Manufacturing at long last is enjoying a revitalization in the U.S. as companies from around the world invest in the country’s operations – a key development in President Donald Trump’s quest to make America great again.
But presidential policies may not be the primary driver of the manufacturing shift back to the U.S. – and an industrial return isn’t expected to create nearly the same number of jobs that factory floors maintained in decades past.
It appears to be technological innovations, rather than policies or an availability of labor, driving the manufacturing renaissance. And with operational advances extending well beyond the reaches of Silicon Valley and into Rust Belt communities in the Northeast and Midwest, many believe the country is well-positioned to be a leader in advanced manufacturing for years to come.
“The reason is, candidly, it’s less about the manufacturing people. It’s more about the technology,” Mike Marusic, COO of Sharp Electronics, said Wednesday during an event hosted by Bloomberg.
Marusic said Sharp is one of several companies that has chosen to increase investment in the U.S. rather than seeking out “traditional manufacturing places” like China and Thailand in recent years.
Other companies include medical device manufacturer Insulet – which broke ground last month on a new central Massachusetts facility that’s expected to bring hundreds of jobs to the area after spending several years operating a production outfit in China – and General Electric, which has tweaked investment plans in recent years to funnel more resources into U.S. facilities rather than in countries with historically lower labor costs like Mexico and China.
Even Foxconn, a Taiwan-based electronics manufacturer that helps assemble popular products like iPhones, recently announced plans to build a Wisconsin facility and develop operations in the U.S., despite its proximity to what have historically been considered countries with cheap labor.
The Reshoring Initiative advocacy group estimates 338,000 jobs migrated to the U.S. from overseas between 2010 and 2016. The country on net is estimated to have gained 25,000 manufacturing positions last year – meaning more jobs returned to the U.S. than were offshored in 2016 for the first net gain in years.
At the heart of this revitalization, Marusic said, is the wave of technological advancements and the rise of the internet of things within the U.S., or the trend toward household items like coffeemakers or refrigerators carrying internet connectivity and data-tracking capabilities.
As 5G mobile and wireless networks become the norm domestically and local researchers make more progress toward developing artificial intelligence capabilities that could revolutionize both industrial processes and consumer interactions, Marusic said America’s vibrant tech and startup scene puts it in a great position to attract manufacturing companies of the future.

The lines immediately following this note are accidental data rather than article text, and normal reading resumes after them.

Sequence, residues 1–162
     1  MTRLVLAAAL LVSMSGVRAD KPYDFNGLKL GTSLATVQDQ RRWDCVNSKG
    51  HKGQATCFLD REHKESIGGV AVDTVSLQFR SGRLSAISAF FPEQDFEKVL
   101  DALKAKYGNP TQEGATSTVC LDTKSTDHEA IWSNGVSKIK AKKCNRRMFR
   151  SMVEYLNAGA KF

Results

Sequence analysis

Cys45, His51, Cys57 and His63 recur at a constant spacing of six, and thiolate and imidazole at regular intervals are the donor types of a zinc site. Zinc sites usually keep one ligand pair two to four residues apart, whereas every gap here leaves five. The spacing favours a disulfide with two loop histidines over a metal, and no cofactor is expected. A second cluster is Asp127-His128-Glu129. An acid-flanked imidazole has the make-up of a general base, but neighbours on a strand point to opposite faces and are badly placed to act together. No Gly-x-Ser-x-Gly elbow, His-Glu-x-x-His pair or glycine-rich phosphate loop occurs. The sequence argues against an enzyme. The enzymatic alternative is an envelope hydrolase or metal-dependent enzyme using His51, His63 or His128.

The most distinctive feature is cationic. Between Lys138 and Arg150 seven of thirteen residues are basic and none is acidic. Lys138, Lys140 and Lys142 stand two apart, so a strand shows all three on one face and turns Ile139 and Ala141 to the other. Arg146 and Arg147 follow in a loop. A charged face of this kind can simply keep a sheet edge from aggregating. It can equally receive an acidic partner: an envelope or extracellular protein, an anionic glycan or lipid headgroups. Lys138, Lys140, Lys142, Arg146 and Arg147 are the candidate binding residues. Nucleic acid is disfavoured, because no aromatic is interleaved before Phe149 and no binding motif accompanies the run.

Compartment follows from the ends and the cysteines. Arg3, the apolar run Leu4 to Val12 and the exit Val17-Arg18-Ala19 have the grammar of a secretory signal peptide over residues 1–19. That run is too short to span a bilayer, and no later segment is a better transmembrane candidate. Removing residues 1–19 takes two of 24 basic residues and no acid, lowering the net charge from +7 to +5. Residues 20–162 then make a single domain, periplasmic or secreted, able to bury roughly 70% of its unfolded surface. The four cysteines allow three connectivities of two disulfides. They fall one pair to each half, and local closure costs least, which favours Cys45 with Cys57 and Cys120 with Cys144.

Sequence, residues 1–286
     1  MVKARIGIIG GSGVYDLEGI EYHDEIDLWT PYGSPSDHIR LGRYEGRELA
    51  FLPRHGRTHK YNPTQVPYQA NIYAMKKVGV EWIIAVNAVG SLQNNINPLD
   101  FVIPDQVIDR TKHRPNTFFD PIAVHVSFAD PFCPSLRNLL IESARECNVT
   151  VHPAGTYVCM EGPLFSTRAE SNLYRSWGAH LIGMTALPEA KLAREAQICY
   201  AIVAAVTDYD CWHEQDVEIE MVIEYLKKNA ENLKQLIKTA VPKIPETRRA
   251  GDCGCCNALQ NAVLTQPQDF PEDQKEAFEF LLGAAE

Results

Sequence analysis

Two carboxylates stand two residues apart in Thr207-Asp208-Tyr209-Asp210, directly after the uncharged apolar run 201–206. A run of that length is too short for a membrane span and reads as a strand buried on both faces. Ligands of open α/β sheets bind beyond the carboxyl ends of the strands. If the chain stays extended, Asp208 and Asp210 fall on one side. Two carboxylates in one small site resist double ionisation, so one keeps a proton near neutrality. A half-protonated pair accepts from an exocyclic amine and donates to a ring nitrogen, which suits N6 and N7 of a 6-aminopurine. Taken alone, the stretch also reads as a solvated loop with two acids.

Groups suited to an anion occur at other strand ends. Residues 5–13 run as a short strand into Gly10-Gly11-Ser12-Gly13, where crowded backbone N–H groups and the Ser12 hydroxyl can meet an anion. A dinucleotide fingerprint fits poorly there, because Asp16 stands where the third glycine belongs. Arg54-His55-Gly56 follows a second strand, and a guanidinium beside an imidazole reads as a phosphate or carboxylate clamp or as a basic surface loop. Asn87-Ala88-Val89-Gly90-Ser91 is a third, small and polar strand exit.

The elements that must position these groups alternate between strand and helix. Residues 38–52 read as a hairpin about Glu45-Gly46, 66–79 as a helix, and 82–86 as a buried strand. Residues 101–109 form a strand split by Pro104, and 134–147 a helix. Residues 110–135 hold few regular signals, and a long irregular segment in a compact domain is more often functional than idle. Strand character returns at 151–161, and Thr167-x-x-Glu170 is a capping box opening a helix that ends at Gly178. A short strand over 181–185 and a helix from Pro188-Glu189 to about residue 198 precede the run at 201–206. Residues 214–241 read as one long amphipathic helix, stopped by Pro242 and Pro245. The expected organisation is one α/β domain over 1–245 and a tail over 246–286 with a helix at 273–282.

“That will change, kind of, how information is moved around,” he said. “We’re seeing it more come this way into the U.S. than to traditional manufacturing places.”
But the return of manufacturing work hasn’t necessarily equated to the return of manufacturing jobs. Industrial output has been strong during the past year, and exports have perked up as economies around the world wake back up from several years of economic malaise.
And yet manufacturing payrolls in the U.S. have grown by less than 900,000 – less than 8 percent – during the past seven years. Over that same period, America’s total number of employed workers expanded by nearly 16.3 million – or 12.5 percent.
As “smarter” factories and more advanced industrial processes become the norm, fewer workers will be needed to do the same amount of work – reshaping entire industries and the skills required to be a manufacturer.
“I think that will certainly be a trend that opens up a new series of questions that companies have to deal with,” Shelly Swanback, the group operating officer at Accenture Digital, said Wednesday. “It totally changes the game in terms of where you want to do that and the workforce that you need to have.”
Marusic and Swanback were joined on Wednesday by several panels of experts who laid out exactly what makes America’s digital economy competitive and what to expect going forward.
Several of those present highlighted the relative leniency with which U.S. regulators treat the storage and transmission of vast stores of consumer data. Europe, comparatively, is much more strict about the handling of consumers’ personal information.
The testing and development of smart toasters, refrigerators and digital devices in the home, for example, would be much harder to carry out in a country with more hefty regulatory burdens than in the U.S.
“Europe is very, very restrictive of where the data goes,” Marusic said, noting that the U.S. is well positioned because “technology has to remain in certain regions because it’s all data-driven” and may be appealing to companies in ways Europe is not.
That’s not to say the U.S. doesn’t face international competition on the innovation front. France was one of a handful of nations not typically known for its innovation and startup culture to be praised at Wednesday’s event, along with nations like Singapore and the United Arab Emirates.